The Federal Housing Finance Agency (FHFA) announced the maximum conforming loan limits for conventional conforming loans to be acquired by Fannie Mae and Freddie Mac in 2022. In most of the nation, the 2022 maximum conforming loan limit for one-unit properties will be $647,200, an increase from $548,250 in 2021 and the largest one-year increase in history. According to FHFA’s seasonally adjusted, expanded-data HPI, house prices increased 18.05% percent, on average, between the third quarters of 2020 and 2021. Therefore, the baseline maximum conforming loan limit in 2022 will increase by the same percentage as required by the Housing and Economic Recovery Act (HERA). For areas in which 115 percent of the local median home value exceeds the baseline conforming loan limit, the maximum loan limit will be higher than the baseline loan limit. The new ceiling loan limit for one-unit properties in most high-cost areas will be $970,800 — or 150 percent of $647,200. As a result of generally rising home values, the increase in the baseline loan limit and the increase in the ceiling loan limit, the maximum conforming loan limit will be higher in 2022 in all but 4 counties or county equivalents in the U.S. For a map showing the 2022 maximum loan limits across the U.S. click hereSource: FHFA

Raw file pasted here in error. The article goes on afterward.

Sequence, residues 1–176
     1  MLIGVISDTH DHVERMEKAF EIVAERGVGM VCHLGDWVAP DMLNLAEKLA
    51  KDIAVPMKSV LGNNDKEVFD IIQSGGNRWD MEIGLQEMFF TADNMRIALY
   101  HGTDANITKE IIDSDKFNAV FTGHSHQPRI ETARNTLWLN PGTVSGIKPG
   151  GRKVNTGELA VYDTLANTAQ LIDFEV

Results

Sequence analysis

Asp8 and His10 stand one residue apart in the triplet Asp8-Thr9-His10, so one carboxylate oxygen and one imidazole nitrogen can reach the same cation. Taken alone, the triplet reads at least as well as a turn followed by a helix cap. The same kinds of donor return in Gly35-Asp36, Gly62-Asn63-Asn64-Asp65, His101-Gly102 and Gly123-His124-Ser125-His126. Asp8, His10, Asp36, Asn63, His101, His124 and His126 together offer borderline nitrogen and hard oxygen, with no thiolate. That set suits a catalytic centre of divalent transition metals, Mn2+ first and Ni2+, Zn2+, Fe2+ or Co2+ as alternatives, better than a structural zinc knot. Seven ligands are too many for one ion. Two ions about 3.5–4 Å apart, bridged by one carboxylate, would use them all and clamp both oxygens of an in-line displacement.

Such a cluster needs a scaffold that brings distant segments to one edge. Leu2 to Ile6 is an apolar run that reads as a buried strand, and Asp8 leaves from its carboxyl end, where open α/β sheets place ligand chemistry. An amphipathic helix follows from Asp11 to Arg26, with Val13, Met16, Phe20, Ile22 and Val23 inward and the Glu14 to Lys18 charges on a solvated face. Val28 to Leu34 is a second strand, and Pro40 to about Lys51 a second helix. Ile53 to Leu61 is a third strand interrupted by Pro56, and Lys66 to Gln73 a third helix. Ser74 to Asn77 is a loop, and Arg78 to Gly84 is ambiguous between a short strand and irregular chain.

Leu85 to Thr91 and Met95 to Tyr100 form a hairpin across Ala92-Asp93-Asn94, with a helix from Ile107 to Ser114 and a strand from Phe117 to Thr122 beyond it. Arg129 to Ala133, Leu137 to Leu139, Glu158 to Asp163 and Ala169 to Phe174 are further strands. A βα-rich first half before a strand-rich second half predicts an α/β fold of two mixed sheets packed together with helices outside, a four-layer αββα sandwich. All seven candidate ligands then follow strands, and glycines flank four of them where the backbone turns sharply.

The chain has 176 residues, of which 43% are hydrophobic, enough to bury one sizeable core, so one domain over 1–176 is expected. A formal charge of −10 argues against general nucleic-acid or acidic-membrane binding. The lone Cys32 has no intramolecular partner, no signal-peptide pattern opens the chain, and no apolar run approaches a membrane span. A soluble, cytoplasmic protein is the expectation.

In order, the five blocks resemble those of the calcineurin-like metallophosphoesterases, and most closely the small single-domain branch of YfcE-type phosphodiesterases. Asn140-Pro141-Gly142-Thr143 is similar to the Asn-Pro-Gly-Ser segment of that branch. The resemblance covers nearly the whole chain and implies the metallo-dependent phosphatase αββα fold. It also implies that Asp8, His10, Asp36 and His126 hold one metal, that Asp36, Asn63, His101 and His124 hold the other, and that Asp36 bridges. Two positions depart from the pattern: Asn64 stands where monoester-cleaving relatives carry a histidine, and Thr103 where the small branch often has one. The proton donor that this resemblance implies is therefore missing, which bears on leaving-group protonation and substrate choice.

Those who have sat on the sidelines over the last few months and held out on selling their homes are increasingly looking to get into the market, a move that could pay off big for buyers and sellers alike. According to a new survey from, homeowners who plan to sell are in an “extremely advantageous” position due to the fact that the market is currently seeing houses receive multiple bids, contingency wavers, and all-cash offers. The survey, which was conducted by HarrisX, a market research and consulting services company, found that among sellers looking to enter the market within the next year 65% expect to do so within the next six months. In addition, 93% of prospective sellers have already taken steps to begin listing their properties, up from 76% this spring. Also, 36% of prospective sellers have begun researching comparable property values in their neighborhood, as well as making repairs or decluttering the property. “The pandemic has delayed plans for many Americans, and homeowners looking to move on to the next stage of life are no exception. Recent survey data suggests the majority of prospective sellers are actively preparing to enter the market this winter,” said George Ratiu, Manager of Economic Research for “Buyers should be ready for high asking prices and offer deadlines as seller expectations of the upcoming market are greater than in the spring, but an increase in new sellers could mean some relief from the inventory crunch. In addition, as more homes have entered the for-sale market, price growth has moderated from the spring’s double-digit levels to a more approachable 8%-9% range.” The survey also found that compared to the spring (15%), nearly two-times as many prospective sellers (33%) have realized they want different home features after spending more time at home. In addition, with more sellers having children at home this winter (65%) than in the spring (43%), family considerations are a top reason behind homeowner decisions to enter the market: 37% of prospective sellers say their home no longer meets their family’s needs and 32% want to move closer to friends and family. Source: DSNews